NOTICE: Reports of a Tech Support Scam
This information was sent to the IT Security Community via email on May 11, 2015. Members of the Security Community were encouraged to share this information in their units.
In recent weeks, a number of people at U-M have reported seeing alarming pop-ups while using their web browser that say their computer is infected. The pop-ups, which block use of the browser and may include audio, urge the user to call a phone number for support assistance. The number reaches a person who offers to fix the problem for a fee but who hijacks the computer in the process. (See Tech Support Scam Example.)
This is not a new scam, but we are seeing an increase in reports of it. Would you please warn the people you work with to be wary of this? Below is information you can share.
If your web browser redirects you to a suspicious page with alarming pop-ups, do not call the number on the pop-up. Instead, close or quit your browser. Click the X, close the window, or close the browser entirely. If that does not work, you may need to force your browser to quit.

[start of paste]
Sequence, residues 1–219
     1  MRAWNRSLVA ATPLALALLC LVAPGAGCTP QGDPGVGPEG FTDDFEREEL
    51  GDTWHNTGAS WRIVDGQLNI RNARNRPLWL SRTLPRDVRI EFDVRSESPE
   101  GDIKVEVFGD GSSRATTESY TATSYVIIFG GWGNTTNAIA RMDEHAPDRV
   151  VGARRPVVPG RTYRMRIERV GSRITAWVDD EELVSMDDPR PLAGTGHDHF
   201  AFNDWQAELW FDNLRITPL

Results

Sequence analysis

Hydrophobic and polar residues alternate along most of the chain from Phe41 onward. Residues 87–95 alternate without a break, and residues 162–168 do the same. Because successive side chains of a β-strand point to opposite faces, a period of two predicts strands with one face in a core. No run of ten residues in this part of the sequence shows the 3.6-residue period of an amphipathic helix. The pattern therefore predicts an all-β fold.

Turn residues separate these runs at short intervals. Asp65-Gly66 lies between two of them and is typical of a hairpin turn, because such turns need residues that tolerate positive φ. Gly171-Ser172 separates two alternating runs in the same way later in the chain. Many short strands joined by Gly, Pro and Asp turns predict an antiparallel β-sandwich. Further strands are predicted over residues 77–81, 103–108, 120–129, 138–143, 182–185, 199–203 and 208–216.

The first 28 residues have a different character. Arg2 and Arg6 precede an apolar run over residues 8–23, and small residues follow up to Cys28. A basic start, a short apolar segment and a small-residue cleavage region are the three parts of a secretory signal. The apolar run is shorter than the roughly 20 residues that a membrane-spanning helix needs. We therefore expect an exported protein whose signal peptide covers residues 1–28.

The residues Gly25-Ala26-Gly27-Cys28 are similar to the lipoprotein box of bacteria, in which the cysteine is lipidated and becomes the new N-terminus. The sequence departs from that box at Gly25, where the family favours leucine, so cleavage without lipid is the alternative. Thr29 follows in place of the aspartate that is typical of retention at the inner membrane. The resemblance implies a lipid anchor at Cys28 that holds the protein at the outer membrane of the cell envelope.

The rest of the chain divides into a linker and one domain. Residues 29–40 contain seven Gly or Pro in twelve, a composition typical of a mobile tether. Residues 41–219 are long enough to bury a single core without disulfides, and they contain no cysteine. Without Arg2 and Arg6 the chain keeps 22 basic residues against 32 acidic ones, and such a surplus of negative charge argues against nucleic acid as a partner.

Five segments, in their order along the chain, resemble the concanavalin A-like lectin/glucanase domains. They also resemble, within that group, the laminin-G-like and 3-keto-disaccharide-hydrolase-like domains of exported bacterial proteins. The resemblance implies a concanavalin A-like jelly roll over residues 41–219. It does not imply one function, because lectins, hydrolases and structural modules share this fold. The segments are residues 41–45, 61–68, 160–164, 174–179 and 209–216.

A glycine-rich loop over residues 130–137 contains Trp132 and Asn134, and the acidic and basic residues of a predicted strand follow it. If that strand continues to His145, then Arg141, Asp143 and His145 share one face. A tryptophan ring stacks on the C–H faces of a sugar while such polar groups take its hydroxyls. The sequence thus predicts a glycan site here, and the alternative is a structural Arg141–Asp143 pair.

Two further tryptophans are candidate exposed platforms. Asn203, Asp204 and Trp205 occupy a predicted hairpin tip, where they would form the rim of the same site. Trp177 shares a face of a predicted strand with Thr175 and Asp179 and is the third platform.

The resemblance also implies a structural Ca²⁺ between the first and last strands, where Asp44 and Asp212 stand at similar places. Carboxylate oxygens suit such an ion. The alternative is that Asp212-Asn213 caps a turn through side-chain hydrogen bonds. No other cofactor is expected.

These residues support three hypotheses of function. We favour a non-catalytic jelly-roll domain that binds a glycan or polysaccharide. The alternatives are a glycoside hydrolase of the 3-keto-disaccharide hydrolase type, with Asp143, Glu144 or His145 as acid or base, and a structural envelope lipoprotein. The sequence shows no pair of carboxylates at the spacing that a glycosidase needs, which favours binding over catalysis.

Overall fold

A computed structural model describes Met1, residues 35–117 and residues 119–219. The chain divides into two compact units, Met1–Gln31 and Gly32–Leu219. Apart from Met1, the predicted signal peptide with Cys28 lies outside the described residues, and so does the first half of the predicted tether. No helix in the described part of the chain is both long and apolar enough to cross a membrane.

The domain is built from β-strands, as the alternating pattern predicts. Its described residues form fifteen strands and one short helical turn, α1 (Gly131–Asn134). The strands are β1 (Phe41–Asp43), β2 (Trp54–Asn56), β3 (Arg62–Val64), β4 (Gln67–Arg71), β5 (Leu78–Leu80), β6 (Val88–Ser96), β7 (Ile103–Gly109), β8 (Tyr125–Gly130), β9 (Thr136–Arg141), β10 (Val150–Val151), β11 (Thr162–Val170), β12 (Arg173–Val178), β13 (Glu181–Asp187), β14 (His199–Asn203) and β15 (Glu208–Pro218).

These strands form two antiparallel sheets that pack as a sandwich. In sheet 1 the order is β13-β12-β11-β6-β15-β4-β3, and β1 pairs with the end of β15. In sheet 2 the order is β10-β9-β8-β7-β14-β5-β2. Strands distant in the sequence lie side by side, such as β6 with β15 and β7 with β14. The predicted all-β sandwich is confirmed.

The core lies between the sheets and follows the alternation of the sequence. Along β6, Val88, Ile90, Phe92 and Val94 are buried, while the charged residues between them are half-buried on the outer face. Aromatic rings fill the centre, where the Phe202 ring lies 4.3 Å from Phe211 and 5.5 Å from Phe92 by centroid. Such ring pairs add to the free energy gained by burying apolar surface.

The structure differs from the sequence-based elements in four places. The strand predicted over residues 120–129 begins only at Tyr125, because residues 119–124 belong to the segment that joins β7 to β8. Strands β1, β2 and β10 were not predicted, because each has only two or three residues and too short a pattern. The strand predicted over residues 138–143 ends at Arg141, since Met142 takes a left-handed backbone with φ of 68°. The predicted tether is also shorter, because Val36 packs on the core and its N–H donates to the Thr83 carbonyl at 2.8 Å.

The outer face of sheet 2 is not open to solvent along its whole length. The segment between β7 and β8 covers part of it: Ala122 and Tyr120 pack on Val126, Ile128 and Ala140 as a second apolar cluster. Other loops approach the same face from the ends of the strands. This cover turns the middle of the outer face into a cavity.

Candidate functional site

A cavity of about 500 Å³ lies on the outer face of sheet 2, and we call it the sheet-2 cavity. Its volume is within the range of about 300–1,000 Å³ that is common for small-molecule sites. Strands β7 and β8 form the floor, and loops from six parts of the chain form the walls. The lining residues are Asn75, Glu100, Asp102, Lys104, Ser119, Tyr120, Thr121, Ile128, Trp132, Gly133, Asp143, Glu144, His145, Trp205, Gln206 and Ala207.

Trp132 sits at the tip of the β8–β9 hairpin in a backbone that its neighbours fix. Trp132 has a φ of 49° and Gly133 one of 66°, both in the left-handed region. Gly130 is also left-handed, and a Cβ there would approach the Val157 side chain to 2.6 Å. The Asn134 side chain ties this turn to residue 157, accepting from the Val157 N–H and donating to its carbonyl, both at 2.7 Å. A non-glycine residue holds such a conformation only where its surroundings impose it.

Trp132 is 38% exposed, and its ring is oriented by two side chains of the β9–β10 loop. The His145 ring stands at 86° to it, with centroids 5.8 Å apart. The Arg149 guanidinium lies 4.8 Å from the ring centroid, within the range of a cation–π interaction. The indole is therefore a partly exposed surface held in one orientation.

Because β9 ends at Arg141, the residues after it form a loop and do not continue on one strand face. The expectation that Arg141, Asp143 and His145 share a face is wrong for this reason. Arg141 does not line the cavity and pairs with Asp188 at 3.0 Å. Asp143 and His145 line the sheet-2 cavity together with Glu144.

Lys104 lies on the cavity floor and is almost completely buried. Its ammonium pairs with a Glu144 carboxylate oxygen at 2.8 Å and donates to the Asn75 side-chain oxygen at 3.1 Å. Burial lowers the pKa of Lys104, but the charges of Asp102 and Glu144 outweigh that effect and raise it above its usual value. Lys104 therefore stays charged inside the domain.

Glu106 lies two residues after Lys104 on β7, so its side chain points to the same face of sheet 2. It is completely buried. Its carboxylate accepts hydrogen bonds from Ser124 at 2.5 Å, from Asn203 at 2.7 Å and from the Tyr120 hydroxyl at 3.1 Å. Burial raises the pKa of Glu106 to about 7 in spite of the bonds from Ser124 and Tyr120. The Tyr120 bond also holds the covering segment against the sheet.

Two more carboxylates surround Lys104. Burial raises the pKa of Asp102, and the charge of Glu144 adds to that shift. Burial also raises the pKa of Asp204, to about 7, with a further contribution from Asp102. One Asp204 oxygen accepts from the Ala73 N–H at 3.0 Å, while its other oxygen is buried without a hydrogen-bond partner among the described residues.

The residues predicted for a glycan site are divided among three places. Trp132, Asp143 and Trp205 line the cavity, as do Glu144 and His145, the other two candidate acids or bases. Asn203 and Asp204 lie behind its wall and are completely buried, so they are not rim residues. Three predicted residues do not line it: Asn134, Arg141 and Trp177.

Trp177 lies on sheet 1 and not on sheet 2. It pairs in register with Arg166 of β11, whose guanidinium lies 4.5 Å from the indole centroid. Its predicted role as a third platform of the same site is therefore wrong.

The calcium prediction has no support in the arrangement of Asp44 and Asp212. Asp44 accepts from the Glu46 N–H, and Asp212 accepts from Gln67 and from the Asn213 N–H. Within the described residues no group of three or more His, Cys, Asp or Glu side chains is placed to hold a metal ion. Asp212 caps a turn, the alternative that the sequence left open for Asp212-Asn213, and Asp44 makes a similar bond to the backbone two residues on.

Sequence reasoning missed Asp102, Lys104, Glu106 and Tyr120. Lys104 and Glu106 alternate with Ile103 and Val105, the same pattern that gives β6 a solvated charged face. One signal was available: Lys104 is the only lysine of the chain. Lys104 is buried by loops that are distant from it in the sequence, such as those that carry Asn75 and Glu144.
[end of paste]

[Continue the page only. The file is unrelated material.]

To force quit on a Mac, click the Apple icon and select Force Quit from the drop down menu. In the window that opens, select your web browser, then click Force Quit. To force quit on a PC, open the Task Manager by pressing Ctrl + Alt + Del and clicking Start Task Manager. In the window that opens, select your web browser from the Applications tab, then click End Task.
If the pop-up reappears after you reopen your browser, additional steps to protect your computer may be needed.
- Conversation With a Tech Support Scammer (Zeltser, 4/27/15)
- FTC cracks down on tech support scams (FTC, 11/19/14)
- New Twist to the Telephone Tech Support Scam (FBI, 11/13/14)
- PSA: Tech Support Scams Pop-Ups on the Rise (Malwarebytes Unpacked, 11/17/14)
- Security Tip (ST04-014): Avoiding Social Engineering and Phishing Attacks (CERT, updated Feb. 2013)
- Tech Support Scams – Help & Resource Page ( MalwareBytes, 10/4/13)